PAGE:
The Motley Fool Discussion Boards
Investing/Strategies / Retirement Investing
|Subject: Re: Withdrawal rates in retirement||Date: 4/4/2008 10:21 AM|
|Author: Hawkwin||Number: 62124 of 74505|
I've got a problem with these a$$holes charging fees that many, if not most of their clients simply don't understand. When you tell a little old lady that all it costs is 1% a year, she has no idea that the broker is actually taking 30% of her yearly gain in exchange for putting her money in funds with high expense ratios to boot. If you don't have a problem with this, then that's your problem, not mine.
If that is the depth of your understand of what an adivsor does, your knowledge is sorely lacking.
I have very few "little old ladies" in an account that has an annual fee. The few I do, their expense ratios are significantly below the average for each fund class as we either use ETFs, institutional shares, no load funds, or A shares with no load and no 12b1 fees.
An account that only makes 3% a year (e.g. a total bond allocation) is not appropriate for a fee-based account and the company I represent would not allow a 100% bond allocation account.
If all I had to do what print off some generic asset allocation model and everything would be perfect, then perhaps you would be right.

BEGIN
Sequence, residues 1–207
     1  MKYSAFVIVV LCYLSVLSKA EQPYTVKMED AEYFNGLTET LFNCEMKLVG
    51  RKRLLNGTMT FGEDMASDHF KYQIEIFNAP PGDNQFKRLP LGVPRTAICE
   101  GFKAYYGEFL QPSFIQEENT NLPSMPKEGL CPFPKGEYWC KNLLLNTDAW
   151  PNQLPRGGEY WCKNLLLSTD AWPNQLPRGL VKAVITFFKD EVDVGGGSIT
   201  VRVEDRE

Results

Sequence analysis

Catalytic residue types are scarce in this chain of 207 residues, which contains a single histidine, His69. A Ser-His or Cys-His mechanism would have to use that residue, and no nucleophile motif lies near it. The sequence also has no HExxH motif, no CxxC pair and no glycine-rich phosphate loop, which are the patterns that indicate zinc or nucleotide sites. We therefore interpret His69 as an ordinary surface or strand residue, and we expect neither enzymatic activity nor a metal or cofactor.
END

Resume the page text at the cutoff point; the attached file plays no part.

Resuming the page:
On a side note, I find the blatant hostility towards advisors to be rather infantile. They provide a service in which no one is required to use and in which there are SEVERE penalities, unlike any other industry, for not only doing the wrong job, but also for not doing a good enough job.
You may not like the service they provide - you may think it is entirely too expensive (*as do I on many occasions), but I have no doubt that most people would be worse off, if left to their own devices, without them.
Someone previously stated that successful retirees don't use advisors.
Studies after studies have indicated that the really rich have neither the desire or the time to manage their own money. One of the fastest growing areas of wealth management are the ultra-afflient - those with more than 10 million. Do people really think Fortune 500 CEO's spend a lot of their time online researching individual stocks and making adjustsments to their retirement accounts? Of course not.
*I agree that the fees can be too high - that is why I discount my fee-based accounts to the maximum allowed by my company for every single client. They need that extra return more than I need the .15% fee. I would like to discount even further.
|Copyright 1996-2014 trademark and the "Fool" logo is a trademark of The Motley Fool, Inc. Contact Us|